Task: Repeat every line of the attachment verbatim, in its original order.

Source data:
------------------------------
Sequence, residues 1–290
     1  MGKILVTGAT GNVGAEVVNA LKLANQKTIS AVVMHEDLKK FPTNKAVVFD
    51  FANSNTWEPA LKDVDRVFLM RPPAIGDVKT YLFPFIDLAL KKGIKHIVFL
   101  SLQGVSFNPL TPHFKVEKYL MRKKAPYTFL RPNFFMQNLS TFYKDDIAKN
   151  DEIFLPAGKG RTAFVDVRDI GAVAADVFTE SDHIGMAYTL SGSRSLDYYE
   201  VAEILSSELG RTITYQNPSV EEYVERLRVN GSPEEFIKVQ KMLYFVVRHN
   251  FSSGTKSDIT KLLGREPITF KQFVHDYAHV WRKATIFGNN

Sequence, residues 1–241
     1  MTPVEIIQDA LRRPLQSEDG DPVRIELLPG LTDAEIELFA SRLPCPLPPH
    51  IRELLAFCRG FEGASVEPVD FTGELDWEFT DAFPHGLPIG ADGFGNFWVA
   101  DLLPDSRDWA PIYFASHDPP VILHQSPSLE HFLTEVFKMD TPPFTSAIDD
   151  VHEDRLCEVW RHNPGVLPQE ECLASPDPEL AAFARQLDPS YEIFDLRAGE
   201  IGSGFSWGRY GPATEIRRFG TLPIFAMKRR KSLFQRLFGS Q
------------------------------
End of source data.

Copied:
Sequence, residues 1–290
     1  MGKILVTGAT GNVGAEVVNA LKLANQKTIS AVVMHEDLKK FPTNKAVVFD
    51  FANSNTWEPA LKDVDRVFLM RPPAIGDVKT YLFPFIDLAL KKGIKHIVFL
   101  SLQGVSFNPL TPHFKVEKYL MRKKAPYTFL RPNFFMQNLS TFYKDDIAKN
   151  DEIFLPAGKG RTAFVDVRDI GAVAADVFTE SDHIGMAYTL SGSRSLDYYE
   201  VAEILSSELG RTITYQNPSV EEYVERLRVN GSPEEFIKVQ KMLYFVVRHN
   251  FSSGTKSDIT KLLGREPITF KQFVHDYAHV WRKATIFGNN

Sequence, residues 1–241
     1  MTPVEIIQDA LRRPLQSEDG DPVRIELLPG LTDAEIELFA SRLPCPLPPH
    51  IRELLAFCRG FEGASVEPVD FTGELDWEFT DAFPHGLPIG ADGFGNFWVA
   101  DLLPDSRDWA PIYFASHDPP VILHQSPSLE HFLTEVFKMD TPPFTSAIDD
   151  VHEDRLCEVW RHNPGVLPQE ECLASPDPEL AAFARQLDPS YEIFDLRAGE
   201  IGSGFSWGRY GPATEIRRFG TLPIFAMKRR KSLFQRLFGS Q